So yes, we absolutely need more coordination. This requires a change in mindset from all of us. Let’s put patients first.

  2. Anonymous says:

    I come from rural regional Australia.  Telehealth in general practice provides access to Specialist GPs FRACGP in a timely manner.  These GPs know their limits and refer to in-face providers if and when necessary.  It eliminates the 4-5 hour wait at ED, only to be seen by a nurse or junior Doctor (no disrespect but quality is determined by experience and expertise of the provider).  It is cost effective – ED presentations cost multi fold general practice.  Timely access improves outcomes.  EDs in public hospitals are also rolling out telehealth for primary care GP presentation.  This is not ideal as that needs to be referred back to GPs.  EDs are not equipped to provide continuity of care.  Hospitals should not provide telehealth in ED, inefficient, ineffective and potentially unsafe.  I am uncertain of cost as public hospitals are state funded and also bill federal Medicare for outpatient, specialist clinics and fast track primary care-offshoot of ED.  
    Medicare has issued telehealth patient consent forms.  I welcome these.  However, it is disappointing that the regulator has not created user friendly forms for General Practice.  The DB20 web and DB4 electronic forms are generic for GPs and specialists.  Specialists have always had telehealth Medicare billing rights, GPs access is only post covid.  As such, sections such as referral/duration are not relevant for GPs.  Perhaps a GP tailored Medicare consent form for 12 months (qualifier for GP telehealth) is more appropriate, currently it is every single GP visit.  Remember that in a 15–20-minute GP consult, Medicare’s current verbal consent takes up 5-10 minutes.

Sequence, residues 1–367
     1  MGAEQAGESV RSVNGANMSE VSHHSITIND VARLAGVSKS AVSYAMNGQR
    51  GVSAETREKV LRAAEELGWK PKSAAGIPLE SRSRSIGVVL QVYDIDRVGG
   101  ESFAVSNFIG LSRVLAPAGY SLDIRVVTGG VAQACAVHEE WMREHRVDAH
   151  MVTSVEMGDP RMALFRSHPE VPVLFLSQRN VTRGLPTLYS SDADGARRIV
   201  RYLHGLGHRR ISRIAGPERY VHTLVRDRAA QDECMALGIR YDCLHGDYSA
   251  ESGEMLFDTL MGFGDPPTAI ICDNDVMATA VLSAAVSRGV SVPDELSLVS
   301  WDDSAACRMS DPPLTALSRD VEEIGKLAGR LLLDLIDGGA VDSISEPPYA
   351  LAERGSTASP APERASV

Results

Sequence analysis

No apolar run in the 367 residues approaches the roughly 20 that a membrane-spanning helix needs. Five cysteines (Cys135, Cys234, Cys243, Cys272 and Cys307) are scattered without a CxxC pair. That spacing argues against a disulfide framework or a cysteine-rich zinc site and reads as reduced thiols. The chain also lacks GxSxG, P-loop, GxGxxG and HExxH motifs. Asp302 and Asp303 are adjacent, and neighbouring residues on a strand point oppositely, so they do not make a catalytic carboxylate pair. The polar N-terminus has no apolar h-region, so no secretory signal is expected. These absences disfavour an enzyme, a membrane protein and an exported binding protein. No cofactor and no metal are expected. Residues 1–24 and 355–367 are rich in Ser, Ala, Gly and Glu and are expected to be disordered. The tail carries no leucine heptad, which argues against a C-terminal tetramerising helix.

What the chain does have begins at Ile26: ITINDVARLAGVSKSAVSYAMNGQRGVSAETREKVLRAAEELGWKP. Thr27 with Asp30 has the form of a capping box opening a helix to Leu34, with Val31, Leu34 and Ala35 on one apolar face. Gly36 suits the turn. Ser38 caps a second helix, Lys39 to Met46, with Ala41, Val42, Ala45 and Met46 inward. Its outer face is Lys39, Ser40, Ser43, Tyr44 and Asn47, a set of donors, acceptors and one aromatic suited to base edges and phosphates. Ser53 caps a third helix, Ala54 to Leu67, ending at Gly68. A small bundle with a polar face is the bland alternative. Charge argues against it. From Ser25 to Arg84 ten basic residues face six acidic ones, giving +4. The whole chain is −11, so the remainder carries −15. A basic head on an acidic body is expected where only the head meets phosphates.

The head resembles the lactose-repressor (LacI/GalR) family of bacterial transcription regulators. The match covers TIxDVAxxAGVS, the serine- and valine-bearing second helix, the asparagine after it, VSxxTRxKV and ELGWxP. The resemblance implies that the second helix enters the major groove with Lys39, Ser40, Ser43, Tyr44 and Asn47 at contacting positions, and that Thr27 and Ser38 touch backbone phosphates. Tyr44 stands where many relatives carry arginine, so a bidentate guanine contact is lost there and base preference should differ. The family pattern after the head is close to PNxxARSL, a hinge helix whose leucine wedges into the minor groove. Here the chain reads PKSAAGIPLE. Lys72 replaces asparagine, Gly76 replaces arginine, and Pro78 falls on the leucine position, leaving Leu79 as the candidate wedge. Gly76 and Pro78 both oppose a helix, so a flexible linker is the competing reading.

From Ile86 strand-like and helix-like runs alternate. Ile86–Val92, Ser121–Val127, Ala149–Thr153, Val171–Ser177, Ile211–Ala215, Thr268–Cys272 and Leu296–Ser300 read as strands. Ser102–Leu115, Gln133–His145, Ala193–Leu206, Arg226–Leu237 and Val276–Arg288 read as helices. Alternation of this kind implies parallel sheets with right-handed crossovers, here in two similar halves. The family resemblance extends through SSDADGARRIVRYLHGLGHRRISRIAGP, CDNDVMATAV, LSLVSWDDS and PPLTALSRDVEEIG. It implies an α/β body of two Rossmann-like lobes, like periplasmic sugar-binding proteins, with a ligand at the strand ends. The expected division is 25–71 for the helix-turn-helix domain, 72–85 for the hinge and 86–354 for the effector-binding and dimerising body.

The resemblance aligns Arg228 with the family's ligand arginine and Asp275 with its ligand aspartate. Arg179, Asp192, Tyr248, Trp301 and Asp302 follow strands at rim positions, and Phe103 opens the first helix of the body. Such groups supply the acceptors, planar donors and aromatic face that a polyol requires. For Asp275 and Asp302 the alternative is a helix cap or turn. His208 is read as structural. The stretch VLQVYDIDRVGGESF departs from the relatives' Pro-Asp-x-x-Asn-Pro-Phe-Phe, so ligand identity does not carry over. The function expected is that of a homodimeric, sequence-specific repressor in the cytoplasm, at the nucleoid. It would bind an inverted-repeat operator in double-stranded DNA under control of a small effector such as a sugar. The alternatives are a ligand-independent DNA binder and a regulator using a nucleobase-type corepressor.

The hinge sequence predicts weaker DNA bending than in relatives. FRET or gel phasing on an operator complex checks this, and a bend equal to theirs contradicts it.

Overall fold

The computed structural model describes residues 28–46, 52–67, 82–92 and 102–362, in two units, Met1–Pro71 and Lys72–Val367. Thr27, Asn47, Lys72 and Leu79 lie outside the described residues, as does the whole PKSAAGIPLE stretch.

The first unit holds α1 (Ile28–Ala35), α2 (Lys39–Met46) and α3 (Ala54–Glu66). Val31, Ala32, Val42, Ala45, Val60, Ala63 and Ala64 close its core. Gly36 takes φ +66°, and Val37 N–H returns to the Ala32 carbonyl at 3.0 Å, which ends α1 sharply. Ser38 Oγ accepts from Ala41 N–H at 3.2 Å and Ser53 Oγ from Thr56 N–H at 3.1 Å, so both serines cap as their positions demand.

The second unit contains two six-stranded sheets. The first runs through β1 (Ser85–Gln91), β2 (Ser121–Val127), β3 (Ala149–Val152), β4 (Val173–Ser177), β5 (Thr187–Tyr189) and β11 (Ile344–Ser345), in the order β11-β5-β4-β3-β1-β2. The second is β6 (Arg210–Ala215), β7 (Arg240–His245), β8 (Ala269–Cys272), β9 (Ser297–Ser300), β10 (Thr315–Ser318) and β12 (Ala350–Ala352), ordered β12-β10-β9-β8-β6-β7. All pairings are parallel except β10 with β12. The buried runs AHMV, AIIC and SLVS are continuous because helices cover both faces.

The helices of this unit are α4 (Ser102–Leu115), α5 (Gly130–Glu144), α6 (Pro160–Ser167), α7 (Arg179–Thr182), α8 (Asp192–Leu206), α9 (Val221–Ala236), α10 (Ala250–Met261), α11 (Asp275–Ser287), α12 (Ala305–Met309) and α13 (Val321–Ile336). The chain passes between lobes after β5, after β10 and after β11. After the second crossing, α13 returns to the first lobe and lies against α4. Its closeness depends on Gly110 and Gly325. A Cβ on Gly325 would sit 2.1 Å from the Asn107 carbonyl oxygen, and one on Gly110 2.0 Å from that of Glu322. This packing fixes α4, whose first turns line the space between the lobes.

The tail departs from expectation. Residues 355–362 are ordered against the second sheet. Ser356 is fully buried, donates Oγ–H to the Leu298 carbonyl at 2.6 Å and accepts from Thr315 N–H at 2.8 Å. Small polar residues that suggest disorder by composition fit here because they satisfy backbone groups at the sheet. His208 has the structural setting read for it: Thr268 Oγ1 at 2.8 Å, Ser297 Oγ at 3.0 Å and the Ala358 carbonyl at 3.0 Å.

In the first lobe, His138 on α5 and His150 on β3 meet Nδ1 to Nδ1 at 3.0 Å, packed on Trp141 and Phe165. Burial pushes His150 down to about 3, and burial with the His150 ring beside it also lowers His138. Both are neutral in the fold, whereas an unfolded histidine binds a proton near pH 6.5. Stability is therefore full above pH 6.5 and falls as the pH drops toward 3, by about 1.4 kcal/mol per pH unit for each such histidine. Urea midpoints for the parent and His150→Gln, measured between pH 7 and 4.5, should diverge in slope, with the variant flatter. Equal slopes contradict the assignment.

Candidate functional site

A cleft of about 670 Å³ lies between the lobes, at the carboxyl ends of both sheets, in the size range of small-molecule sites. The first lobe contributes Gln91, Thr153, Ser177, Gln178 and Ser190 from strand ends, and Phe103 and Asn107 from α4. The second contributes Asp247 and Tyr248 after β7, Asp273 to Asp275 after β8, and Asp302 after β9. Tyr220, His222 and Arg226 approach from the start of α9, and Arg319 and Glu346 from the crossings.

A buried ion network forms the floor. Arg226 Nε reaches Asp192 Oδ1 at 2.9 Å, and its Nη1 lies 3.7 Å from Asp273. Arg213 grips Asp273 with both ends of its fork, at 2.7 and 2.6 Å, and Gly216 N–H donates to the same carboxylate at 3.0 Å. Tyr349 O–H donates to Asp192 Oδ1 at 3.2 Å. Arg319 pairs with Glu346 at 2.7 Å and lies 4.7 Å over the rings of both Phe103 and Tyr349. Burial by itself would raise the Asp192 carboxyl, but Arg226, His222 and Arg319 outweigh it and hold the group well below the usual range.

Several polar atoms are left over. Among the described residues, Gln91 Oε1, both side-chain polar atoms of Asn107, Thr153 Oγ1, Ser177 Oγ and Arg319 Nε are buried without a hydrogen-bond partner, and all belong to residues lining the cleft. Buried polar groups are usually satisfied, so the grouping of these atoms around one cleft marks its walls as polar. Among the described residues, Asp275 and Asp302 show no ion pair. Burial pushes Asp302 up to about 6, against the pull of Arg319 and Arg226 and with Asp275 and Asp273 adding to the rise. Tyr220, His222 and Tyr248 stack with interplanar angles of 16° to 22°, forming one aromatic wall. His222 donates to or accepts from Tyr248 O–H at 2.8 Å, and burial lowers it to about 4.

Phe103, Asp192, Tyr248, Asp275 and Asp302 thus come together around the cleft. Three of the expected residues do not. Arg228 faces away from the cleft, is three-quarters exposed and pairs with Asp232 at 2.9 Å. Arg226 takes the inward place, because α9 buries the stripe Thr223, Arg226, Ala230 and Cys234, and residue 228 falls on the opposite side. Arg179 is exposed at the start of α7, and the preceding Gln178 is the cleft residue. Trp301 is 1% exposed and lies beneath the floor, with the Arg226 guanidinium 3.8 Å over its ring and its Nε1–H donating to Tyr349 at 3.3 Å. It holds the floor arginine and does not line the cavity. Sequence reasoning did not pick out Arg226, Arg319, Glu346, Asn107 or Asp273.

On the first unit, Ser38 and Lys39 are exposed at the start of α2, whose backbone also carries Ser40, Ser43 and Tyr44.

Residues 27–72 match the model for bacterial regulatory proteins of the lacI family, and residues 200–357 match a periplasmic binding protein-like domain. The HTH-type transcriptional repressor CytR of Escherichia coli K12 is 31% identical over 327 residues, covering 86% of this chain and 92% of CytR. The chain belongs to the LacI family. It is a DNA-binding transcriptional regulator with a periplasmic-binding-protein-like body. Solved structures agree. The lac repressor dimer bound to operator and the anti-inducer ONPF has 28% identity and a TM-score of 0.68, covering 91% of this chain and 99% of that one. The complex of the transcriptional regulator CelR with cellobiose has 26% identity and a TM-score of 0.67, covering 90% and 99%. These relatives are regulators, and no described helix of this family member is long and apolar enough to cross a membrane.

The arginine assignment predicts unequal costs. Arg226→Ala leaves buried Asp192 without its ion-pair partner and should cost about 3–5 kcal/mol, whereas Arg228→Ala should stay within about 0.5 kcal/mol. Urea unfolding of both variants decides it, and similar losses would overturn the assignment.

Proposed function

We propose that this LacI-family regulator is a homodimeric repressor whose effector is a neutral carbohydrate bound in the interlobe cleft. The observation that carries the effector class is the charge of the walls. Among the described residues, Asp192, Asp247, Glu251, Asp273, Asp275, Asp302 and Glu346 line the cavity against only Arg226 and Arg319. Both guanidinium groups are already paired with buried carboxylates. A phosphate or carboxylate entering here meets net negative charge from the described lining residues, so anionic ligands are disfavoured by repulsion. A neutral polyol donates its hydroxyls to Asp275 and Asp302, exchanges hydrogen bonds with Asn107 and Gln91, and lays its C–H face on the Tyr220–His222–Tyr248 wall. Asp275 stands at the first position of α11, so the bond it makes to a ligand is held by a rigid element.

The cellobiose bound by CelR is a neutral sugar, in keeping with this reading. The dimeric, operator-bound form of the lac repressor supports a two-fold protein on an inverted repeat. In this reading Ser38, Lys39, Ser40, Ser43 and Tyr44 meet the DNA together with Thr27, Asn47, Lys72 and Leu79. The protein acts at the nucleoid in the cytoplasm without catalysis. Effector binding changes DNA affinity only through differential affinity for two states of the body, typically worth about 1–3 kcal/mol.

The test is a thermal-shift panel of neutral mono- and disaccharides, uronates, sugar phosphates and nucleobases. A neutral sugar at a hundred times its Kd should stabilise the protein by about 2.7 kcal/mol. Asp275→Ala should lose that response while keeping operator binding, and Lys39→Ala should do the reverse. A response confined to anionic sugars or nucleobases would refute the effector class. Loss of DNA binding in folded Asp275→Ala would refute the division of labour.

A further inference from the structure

I endorse telehealth in general practice.  The benefits of GP telehealth outweigh the negatives.  It is the right time, right care, right place, right cost.  Thank you.  

  3. Sue Ieraci says:

    The range of quality in telemedicine is just as wide as it is in face-to-face clinics. All services are driven by the aims and values of the service-providers and the clinicians.

    My work in Emergency Telemedicine has brought me so many insights about how “traditional” services can be improved. I deal directly with patients, without the multiple layers of junior staff in EDs, and I have no incentive to over-test or over-diagnose or over-refer. The service I work for audits quality and safety but considers the overall balance of risks rather than just being risk averse. We aim to deliver a clinical consultation – not just a repeat prescription service or providing scripts for a particular drug. More than anything, we provide explanation and reassurance for people who can’t access any of their usual providers in a hurry when they need it. We aren’t substituting for visits with the person’s usual GP (who they can’t access at the time), but for ambulance calls and ED visits. Hence, no change in continuity of care.

    COVID has taught us that there are better ways of doing things. It makes sense to continue telemedicine for any provider who wants to save their known regular patients from having to come into the surgery when they are unwell and infectious. It’s better for the patient AND for the doctor and other patients in the waiting room, and reception staff not to be exposed.

    The aims, structure and outcomes of the care model are important – not the technology.

  4. Greg Heard says:

    There’s an analogy here between the Uber-Taxi Owner/driver dilemma. Recently, my wife and I spent a week in Iceland, a country that banned the entry of Uber into its market. Journeys by taxi are absolutely and relatively expensive in a country that has one of the highest average incomes in the world. (A 50-km taxi ride from Reykjavik to Keflavik airport is ~$295 – we took the bus!) Restricting market activity to maintain the income of suppliers (or limit supply of services) disadvantages consumers. When those consumers already have limited access to services, as do residents of rural and remote communities in Australia, imposing restrictions on competing suppliers leads to even greater disadvantage. While I can appreciate the author’s concerns about quality of care and cherrypicking the most lucrative services to supply, I would argue that some care is better than none at all, and for many people a telehealth consultation is the only medical help they may seek.